‘There are some significant differences, so you need to be aware of what you are entitled to,’ she says. ‘You also have to be prepared to be engaged with pay. On AfC there is transparency – you know what you are paid, how that is going to increase and that you will get the pay rise that is agreed nationally.
‘But in general practice that is not a given. Recommendations are made but it is up to individual practices whether they follow that. Some do, some don’t.
‘Some nurses have to fight for their pay’
‘There is a lot of variety in terms of overall pay. You can find practice nurses on one side of a town are on much better pay than those on the other. Where I work it is organised on a primary care network level, which keeps loosely to the AfC pay scales – a newly qualified nurses is on something similar to band 5 rising to band 6 for more senior nurses and broadly band 7 for lead nurses.
‘It works well, but not every GP nurse is so lucky. Some have to fight for their pay.’
In the education sector, the RCN is not recognised as a trade union for pay negotiations, leaving nurses working for universities and other education providers having to take out membership with an education union.
Those working as university lecturers are involved in their own dispute, involving pay and pensions. Strikes were paused in February after employers and unions – including the University and College Union, Unison and the GMB – resumed talks.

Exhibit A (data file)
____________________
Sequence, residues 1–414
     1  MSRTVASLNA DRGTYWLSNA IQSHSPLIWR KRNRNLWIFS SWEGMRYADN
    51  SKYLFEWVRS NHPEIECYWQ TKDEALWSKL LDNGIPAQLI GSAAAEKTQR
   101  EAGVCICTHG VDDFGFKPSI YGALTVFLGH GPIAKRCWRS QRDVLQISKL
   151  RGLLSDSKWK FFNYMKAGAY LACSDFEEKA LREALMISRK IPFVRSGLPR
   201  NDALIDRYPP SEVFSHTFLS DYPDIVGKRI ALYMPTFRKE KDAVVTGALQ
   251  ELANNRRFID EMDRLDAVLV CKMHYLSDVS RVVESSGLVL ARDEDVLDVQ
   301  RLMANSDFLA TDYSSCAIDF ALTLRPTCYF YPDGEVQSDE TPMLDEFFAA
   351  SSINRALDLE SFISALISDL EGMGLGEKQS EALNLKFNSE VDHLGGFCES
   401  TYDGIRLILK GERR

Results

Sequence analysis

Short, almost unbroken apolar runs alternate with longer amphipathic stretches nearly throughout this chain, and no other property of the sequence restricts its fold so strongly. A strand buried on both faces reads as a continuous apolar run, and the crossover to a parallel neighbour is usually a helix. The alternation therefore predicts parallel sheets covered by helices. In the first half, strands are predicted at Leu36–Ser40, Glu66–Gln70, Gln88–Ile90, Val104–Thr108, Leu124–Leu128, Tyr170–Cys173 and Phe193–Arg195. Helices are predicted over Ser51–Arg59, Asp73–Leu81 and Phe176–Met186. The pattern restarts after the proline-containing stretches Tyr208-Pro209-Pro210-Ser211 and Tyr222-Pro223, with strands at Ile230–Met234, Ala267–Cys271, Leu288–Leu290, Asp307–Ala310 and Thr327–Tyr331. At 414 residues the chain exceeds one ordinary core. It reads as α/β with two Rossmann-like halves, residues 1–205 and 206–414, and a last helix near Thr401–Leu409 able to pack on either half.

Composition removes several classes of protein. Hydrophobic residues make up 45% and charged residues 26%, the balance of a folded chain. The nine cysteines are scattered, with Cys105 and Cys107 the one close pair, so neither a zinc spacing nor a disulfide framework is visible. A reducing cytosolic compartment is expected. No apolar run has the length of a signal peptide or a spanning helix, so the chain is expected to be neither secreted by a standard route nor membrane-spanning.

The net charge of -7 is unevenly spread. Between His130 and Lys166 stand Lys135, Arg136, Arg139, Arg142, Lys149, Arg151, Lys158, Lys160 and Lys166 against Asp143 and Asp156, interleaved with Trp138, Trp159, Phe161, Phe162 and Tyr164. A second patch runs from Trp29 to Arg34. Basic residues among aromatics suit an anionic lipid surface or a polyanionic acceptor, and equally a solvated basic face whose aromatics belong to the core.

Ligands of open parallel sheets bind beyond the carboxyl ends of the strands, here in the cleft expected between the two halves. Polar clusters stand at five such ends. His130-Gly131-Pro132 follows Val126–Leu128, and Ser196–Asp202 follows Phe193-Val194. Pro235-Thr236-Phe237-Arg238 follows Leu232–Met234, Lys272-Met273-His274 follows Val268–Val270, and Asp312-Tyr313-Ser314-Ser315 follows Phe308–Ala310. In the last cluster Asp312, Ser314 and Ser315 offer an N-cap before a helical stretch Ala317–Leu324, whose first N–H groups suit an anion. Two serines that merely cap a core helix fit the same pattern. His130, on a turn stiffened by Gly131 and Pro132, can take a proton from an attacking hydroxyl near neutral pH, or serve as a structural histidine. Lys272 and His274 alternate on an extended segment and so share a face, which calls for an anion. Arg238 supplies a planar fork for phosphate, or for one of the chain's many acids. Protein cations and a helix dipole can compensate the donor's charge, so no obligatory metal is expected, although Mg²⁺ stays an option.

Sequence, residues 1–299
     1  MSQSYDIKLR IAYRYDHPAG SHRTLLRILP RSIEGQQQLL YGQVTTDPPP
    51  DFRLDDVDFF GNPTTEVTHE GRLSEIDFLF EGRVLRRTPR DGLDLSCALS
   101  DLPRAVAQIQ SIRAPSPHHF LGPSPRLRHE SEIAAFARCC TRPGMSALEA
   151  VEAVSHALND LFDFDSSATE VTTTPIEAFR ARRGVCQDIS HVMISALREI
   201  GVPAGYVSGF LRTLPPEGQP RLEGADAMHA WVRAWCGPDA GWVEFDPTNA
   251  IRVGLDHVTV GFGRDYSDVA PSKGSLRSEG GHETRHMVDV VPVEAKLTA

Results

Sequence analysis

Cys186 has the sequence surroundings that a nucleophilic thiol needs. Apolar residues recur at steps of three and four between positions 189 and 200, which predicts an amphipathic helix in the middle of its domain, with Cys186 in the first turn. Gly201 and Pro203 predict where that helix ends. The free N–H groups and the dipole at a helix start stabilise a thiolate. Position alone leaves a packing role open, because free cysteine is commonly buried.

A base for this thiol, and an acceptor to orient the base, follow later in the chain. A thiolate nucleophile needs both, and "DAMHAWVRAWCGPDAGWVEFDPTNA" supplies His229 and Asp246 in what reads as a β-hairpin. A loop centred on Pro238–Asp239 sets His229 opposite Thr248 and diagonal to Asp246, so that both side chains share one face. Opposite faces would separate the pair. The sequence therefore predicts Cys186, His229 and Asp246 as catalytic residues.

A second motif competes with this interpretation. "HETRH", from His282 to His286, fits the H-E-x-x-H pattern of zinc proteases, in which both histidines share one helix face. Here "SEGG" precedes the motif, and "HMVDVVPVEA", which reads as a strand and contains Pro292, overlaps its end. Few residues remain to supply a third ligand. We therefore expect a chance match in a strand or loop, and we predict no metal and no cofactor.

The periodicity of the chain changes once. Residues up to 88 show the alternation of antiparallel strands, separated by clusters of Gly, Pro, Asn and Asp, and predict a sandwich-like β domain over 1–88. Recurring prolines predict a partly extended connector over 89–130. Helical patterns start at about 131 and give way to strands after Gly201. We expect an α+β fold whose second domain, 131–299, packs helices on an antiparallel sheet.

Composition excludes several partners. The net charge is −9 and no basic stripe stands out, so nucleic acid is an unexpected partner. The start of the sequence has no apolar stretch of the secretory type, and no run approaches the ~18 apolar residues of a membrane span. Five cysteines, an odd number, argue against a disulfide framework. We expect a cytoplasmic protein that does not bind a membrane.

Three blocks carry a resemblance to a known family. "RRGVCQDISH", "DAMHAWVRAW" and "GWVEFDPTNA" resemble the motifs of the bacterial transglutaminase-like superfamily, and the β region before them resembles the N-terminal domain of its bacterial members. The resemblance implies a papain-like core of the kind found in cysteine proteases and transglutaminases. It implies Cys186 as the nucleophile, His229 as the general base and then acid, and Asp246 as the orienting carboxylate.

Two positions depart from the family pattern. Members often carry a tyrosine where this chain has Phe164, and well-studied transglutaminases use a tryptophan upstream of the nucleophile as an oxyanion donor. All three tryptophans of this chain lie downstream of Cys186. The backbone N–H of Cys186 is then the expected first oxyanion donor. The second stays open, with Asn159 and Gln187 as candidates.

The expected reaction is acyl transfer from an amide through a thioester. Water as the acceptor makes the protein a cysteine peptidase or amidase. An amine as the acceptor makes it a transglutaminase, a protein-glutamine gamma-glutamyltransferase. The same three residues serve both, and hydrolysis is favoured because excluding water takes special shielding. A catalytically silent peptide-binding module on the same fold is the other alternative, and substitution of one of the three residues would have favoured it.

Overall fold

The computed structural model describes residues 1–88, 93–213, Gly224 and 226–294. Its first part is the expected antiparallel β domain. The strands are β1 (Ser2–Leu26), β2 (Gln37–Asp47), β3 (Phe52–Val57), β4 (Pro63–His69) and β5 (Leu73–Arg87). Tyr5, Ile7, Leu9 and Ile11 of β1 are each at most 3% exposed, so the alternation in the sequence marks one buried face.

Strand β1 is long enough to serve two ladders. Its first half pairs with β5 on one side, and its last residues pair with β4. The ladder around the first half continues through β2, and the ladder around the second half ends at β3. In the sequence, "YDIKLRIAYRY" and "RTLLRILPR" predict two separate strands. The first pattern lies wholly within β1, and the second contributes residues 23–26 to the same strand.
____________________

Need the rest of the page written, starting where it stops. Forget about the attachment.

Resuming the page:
RCN education forum chair Sarah Burden says things are difficult in the sector at the moment.
‘Pay and conditions have been eroded over the past ten years. This does cause a problem recruiting nurses into academic roles, as ironically the pay scales – particularly for advanced practitioner lecturers – can actually be less favourable than AfC.’
Some nurses working for universities will also be involved with research, but this area is a mixed market, with research nurses employed by NHS trusts and the pharmaceutical industry, creating significant variations in pay and conditions as it does for nurses in fields such as public health.
Ms Sutton believes that while any agreement on AfC will not directly benefit non-NHS nurses, it could still have a positive influence. ‘We are hearing that the industrial action has galvanised nurses in other sectors to start talking to their employers about pay. It is difficult in areas where there are only a few nurses. There are things you can do though, including coming together with others locally to bargain as a group.
‘The RCN and our network is here to support. The RCN is recognised by a number of employers, but the challenge we face in the independent and social care sectors is that there are thousands. It would be impossible to negotiate with all employers individually. But remember that local reps are available to advise and support nurses with their pay claims.’